In this first piece, the small-town dress uniform – moleskin jeans and striped cotton shirt – is given some ‘panache’ when worn by the desirable Alastair.  Clearly, Alistair’s death is shrouded in mystery.   The story is propelled, not just by the mystery we crave to understand but also by the depth of feeling – a deep abiding sadness – expressed through perfect word choice and hauntingly lyrical prose:

I would wake in the early afternoon and see us both in that sharp light, Alistair still beautiful, eyes closed, skin pale gold, and I would wish that I was someone else (13).

It’s a heart-wrenching story that hinted a promise for the twelve to follow.

Alas, for me, that promise was not upheld.  I found many of the pieces too pared down, too free of adornment. Here and there, they bordered on the mundane.  I was unable to rustle up any empathy or understanding for Emma whose wedding comes about seemingly as a result of pure laziness in ‘Just a Wedding’ and I could find no sympathy for the widower Pete in ‘The Bad Dog Park’.

Occasionally, it seems that Blain loses control of her characters.  Without the luxury of a novel’s pages to build up personalities with distinctive traits, it would have been safer to limit their numbers.  The line-up was confusing in ‘The Other Side of the River’, in ‘Her Boredom Trick’ and even more so throughout ‘Mirrored’ despite the early – clunky – introductions:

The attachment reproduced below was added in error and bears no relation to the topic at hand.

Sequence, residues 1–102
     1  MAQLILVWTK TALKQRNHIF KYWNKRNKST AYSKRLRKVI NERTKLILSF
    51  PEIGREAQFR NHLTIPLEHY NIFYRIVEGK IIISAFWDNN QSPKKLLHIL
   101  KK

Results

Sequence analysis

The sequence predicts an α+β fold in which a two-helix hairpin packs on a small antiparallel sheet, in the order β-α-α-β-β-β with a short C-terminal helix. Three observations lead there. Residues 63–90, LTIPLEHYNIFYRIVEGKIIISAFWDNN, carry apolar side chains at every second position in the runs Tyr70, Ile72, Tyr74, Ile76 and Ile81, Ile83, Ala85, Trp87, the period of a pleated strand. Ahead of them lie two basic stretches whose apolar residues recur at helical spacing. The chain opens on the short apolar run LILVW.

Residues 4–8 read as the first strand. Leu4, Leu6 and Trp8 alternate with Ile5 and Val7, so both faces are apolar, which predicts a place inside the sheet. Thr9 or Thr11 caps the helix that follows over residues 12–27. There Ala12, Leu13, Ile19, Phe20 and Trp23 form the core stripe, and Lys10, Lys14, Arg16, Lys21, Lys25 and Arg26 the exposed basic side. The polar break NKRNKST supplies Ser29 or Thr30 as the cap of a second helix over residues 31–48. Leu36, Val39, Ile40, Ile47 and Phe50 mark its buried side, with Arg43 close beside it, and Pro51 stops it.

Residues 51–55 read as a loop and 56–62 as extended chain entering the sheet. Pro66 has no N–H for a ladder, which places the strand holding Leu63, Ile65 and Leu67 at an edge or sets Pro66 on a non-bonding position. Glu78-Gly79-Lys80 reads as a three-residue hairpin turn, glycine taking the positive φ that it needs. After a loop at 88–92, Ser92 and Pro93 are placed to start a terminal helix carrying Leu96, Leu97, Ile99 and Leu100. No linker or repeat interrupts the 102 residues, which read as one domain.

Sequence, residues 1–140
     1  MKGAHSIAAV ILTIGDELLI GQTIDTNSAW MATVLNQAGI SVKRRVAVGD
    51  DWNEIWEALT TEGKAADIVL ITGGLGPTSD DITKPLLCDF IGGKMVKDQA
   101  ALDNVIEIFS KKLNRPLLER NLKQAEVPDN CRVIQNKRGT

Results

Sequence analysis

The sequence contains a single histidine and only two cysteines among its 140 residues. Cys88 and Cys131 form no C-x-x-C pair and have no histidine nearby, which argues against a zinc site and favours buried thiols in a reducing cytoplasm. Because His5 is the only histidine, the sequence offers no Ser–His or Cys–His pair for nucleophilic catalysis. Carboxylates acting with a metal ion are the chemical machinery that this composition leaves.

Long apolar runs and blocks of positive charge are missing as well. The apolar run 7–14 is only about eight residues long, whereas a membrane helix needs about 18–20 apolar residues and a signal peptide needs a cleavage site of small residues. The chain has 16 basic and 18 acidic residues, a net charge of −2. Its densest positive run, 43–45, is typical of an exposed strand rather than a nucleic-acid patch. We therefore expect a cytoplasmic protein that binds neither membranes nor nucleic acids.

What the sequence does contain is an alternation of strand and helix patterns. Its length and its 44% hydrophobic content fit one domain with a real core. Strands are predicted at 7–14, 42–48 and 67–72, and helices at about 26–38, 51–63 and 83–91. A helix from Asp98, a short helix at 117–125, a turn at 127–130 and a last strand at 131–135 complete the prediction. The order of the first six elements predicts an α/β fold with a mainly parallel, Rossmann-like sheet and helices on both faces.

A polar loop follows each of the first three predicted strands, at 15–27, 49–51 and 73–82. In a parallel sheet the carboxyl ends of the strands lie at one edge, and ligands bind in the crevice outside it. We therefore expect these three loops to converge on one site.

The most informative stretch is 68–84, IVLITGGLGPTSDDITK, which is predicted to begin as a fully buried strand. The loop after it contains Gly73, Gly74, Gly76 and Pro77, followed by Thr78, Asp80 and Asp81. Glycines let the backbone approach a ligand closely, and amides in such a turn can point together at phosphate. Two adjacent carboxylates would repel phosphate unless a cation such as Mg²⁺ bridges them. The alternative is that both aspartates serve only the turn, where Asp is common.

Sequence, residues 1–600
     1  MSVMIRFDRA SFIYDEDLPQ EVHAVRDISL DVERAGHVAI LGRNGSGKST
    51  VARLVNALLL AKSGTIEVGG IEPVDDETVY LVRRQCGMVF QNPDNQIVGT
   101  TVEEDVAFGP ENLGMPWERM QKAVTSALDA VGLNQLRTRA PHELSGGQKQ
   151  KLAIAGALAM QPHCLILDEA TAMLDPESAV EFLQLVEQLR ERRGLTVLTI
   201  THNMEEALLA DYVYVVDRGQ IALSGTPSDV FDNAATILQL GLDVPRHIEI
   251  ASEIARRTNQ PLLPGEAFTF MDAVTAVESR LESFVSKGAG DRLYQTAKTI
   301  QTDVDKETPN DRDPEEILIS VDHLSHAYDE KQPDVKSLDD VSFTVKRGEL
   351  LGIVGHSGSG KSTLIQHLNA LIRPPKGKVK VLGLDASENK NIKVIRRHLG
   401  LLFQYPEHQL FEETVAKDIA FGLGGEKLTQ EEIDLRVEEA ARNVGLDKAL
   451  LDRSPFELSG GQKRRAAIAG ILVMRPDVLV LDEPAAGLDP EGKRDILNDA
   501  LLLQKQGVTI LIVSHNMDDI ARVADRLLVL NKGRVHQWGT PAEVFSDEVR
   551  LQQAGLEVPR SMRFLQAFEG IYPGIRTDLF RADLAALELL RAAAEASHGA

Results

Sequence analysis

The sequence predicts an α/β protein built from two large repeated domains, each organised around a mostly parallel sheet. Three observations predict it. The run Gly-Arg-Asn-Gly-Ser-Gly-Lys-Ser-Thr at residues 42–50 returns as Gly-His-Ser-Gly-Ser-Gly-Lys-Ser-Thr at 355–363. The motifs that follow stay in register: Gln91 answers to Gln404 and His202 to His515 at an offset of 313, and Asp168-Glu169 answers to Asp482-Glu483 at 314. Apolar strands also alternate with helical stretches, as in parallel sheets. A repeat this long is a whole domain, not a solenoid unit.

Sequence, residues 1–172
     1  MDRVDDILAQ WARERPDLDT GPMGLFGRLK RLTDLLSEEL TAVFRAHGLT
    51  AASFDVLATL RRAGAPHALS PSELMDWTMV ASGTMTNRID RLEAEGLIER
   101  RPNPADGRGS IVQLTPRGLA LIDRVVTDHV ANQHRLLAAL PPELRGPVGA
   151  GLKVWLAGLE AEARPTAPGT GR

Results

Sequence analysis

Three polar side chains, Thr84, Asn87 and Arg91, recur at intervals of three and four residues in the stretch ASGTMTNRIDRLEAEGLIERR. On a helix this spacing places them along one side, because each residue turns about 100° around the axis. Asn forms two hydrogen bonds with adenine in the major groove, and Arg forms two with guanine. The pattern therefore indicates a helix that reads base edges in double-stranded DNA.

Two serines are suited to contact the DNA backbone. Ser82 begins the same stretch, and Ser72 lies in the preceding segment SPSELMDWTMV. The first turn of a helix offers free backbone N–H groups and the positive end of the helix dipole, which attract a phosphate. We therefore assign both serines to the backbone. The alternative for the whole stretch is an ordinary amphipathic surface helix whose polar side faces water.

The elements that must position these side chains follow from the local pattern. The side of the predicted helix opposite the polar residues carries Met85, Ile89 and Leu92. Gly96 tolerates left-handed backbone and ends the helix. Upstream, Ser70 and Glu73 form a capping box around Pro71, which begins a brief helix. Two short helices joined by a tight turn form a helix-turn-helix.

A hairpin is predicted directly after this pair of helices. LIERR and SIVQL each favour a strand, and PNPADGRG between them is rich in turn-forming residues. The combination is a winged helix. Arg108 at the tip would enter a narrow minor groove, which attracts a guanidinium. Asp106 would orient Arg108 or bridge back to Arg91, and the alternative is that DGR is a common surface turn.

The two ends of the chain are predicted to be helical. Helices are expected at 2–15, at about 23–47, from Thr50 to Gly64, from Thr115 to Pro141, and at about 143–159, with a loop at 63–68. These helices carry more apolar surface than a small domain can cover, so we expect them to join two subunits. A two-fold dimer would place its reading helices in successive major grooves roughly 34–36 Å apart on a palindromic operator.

I had brought my daughter, Anna, and Jude and Aisla had their son, Miles.  Sal, who had just left her girlfriend, had come on her own.  She had known Frans and Simon the longest, having once shared a flat with them, years ago. (167)

‘Escape’ keeps a humorous slant on a potentially dangerous adventure through a glimpse into the divergent lives of the divorced parents of a twelve-year-old boy and his teenaged sister.  Their free-wheeling father lives in a messy light-filled house in the country surrounded by bush (‘Lawn belongs in Dullsville’ [126]) and picks up his children in a frog green Porsche Roadster.

In the final story ‘Flyover’, Blain returns to the prose style that promised so much in the opening piece with ‘apartment blocks pressed tight against the tangle of roads’ (227), a courtyard gate ‘loose on its hinges from drunks and junkies trying to break in’ (234) and she finishes on a high with a couple ‘trying to cut loose all the threads that had linked and tied [them] for  the past two years’ [246].

Writing for The Australian, Stella Clarke finds the ‘unembellished’ style allows for ambiguity and she seems to admire these ‘unfussy accounts’.  Conversely, I would have like to see a bit more fuss, and considerably more embellishment in some of the stories.

The Age’s Peter Pierce finds Blain’s style ‘most affecting when plain’  but he also points to some confusion in stories where Blain ‘fails to untangle the welter of names with which we are greeted in the opening paragraphs’.

In the end, the excellent bookend stories are the saving grace so I might recommend the book purely for its ability to show that a solid beginning-middle-end story can be constructed in the short form.

BOOK DETAIL
Blain, Georgia. The Secret Lives of Men, Scribe Publications, Brunswick, Vic, Australia,2013.
ISBN 978-1-922070-35-7

My thanks to Lisa Hill at ANZ LitLovers, where this review is cross-posted, for the opportunity to read and review this collection of thirteen short stories.